The summer holidays are almost here and whether you are jetting off for the holiday of a lifetime or planning the perfect staycation, learning some first aid skill could come in handy if you encounter any nasty accidents and even save a life! So take a look at our quick guide to staying safe at the beach and what to do in a medical emergency.
Sea and Sand
The beach is the perfect place to kick back, relax and soak up some sun but it can also be home to numerous potential hazards that you need to be aware of:
Heat stroke and heat exhaustion – Even under the protection of parasol, failing to use a high enough factor of sunscreen and not staying adequately hydrated can quickly lead to sun stroke, particularly if we are visiting a country where the temperature is higher than what we are used to. Symptoms of heat exhaustion include; a throbbing headache, quick, shallow breathing, disorientation and dizziness as well as nausea and vomiting. As soon as you recognise these forms of heat injury do everything you can to cool the individual down and contact the emergency services immediately. Ensure you have noted in advance any important numbers especially when you are abroad so that you can get help quickly.
Deep cuts – Most beaches are patrolled and litter is removed but sometimes pieces of glass wash ashore and can be tricky to spot, particularly when hidden by the sand. It is vital when dealing with a deep cut to apply direct pressure to the wound and continue to do so until the bleeding stops. Keep the areas raised above the heart if possible to minimise blood loss. Packing a first aid kit is a clever way to treat minor injuries without the need for a medical specialist. If there is a piece of glass in the wound then DO NOT remove it. Simply continue to apply as much pressure as possible and call the emergency services.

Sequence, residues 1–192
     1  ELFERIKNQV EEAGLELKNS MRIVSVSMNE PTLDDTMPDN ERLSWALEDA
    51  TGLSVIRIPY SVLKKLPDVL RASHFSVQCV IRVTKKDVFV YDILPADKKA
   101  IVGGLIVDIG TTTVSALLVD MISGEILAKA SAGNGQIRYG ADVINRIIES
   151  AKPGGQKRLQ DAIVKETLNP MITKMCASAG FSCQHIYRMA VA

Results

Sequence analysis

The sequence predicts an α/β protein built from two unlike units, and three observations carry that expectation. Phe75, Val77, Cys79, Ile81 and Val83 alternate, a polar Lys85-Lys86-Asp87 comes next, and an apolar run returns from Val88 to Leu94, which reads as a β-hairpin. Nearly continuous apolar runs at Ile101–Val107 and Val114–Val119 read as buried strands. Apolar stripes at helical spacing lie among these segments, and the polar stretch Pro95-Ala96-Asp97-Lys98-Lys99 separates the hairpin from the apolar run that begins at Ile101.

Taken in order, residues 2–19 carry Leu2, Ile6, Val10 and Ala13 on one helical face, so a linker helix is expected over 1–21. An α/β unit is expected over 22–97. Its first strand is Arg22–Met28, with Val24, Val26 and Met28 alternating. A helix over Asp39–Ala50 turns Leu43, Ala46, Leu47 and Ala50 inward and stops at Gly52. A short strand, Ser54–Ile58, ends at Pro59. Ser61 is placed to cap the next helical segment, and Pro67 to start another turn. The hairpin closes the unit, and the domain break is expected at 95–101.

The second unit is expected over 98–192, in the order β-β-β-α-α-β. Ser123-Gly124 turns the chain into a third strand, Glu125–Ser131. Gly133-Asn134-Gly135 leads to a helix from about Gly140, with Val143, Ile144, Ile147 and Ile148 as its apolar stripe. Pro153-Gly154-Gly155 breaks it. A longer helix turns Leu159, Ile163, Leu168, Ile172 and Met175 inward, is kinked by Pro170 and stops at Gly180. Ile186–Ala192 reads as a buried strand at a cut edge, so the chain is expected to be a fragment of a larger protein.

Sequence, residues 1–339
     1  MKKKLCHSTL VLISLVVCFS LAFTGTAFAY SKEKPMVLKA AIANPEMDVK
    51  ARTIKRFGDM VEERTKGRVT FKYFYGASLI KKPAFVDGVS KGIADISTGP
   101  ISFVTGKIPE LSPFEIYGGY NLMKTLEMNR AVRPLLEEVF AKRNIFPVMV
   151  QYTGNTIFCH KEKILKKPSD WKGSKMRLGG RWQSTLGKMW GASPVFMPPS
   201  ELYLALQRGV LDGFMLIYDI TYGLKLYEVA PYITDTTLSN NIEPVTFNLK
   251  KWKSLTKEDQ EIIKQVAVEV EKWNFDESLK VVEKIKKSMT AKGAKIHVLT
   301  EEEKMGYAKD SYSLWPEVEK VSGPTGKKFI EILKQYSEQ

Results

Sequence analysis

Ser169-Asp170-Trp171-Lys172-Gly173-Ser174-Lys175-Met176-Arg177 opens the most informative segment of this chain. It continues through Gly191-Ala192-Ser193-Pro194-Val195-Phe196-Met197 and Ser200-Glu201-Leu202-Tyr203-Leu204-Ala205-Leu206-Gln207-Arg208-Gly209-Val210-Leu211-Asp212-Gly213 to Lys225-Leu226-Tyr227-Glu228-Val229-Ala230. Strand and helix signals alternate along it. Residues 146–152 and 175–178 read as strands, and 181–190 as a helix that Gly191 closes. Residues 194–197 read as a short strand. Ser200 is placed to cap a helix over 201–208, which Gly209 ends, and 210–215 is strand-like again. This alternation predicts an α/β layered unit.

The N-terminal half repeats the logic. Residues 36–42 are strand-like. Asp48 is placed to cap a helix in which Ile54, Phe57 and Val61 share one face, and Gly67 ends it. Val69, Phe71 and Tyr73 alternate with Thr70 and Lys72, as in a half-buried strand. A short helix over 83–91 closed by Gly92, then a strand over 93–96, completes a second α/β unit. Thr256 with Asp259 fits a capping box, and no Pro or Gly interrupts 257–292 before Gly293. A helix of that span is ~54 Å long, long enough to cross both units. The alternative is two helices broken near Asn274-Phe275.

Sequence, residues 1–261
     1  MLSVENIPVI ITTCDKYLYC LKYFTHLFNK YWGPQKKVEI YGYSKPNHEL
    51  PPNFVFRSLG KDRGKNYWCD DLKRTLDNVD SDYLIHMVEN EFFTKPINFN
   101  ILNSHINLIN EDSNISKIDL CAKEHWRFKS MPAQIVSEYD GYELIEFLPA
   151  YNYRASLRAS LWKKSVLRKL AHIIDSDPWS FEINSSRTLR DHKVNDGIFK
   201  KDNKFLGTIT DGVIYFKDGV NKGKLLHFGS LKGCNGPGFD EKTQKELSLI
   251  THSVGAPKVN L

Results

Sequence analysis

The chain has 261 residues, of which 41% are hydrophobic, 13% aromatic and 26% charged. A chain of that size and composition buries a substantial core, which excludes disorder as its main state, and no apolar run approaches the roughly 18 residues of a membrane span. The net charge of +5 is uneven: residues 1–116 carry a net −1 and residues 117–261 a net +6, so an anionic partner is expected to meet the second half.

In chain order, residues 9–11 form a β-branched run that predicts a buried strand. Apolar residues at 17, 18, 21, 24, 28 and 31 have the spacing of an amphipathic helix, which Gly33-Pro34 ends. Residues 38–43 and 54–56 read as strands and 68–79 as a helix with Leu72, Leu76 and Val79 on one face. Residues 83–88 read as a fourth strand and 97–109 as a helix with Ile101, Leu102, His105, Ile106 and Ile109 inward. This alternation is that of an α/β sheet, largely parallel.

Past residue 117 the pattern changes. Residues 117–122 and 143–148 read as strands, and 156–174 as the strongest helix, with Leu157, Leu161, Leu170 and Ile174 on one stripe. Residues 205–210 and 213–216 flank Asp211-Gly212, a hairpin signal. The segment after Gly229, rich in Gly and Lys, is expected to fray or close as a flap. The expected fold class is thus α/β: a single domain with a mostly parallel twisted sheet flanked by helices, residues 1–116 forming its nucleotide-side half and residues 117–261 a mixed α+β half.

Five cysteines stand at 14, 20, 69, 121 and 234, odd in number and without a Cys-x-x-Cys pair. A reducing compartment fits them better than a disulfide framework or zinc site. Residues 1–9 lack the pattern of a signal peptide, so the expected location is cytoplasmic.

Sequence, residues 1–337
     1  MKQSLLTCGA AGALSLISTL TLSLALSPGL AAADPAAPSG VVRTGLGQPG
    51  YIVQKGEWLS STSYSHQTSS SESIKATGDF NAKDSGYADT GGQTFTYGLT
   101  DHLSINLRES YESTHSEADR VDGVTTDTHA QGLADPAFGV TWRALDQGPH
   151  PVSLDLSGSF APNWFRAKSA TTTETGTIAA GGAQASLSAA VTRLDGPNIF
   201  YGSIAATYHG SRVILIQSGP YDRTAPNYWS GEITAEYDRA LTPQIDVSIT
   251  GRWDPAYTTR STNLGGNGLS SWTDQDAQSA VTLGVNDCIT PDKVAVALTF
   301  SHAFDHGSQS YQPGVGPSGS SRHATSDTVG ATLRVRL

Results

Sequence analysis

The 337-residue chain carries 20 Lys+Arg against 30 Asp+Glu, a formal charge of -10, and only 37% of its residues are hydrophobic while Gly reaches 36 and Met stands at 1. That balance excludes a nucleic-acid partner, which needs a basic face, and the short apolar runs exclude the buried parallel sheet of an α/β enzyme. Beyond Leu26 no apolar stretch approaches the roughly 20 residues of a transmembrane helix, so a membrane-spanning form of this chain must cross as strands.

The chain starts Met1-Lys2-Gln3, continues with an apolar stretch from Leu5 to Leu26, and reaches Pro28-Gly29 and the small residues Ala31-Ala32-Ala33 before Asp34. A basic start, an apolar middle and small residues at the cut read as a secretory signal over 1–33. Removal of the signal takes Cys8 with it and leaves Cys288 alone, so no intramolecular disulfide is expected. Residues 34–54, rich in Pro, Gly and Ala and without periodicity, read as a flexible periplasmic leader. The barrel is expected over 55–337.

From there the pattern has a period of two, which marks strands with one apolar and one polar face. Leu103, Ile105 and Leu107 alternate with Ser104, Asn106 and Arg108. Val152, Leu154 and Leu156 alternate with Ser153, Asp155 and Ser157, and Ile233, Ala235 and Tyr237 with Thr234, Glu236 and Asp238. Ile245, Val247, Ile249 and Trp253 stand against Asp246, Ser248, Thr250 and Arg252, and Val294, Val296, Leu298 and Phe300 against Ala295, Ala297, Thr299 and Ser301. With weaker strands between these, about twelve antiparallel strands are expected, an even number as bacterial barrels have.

Near-Drowning – The beach can be the perfect place to learn to swim, provided you stay in the shallow, but strong currents can quickly sweep even the most confident of swimmers out further than they would like to be and they can quickly become exhausted trying to make it back to the shore. Victims of a near-drowning need to be treated quickly and they can be identified by shortness of breath, blue and cold skin, coughing and abdominal swelling. Remove their wet clothes and have warm blankets on hand to help increase their body temperature. If they lose consciousness and stop breathing then CPR should be performed immediately by performing chest compressions and breathing into their mouth. Lifeguards are trained in how to do this so if you are not confident in your abilities, they could take over whilst the paramedics arrive. Learning CPR is a skill that is a huge asset and a great investment of your time.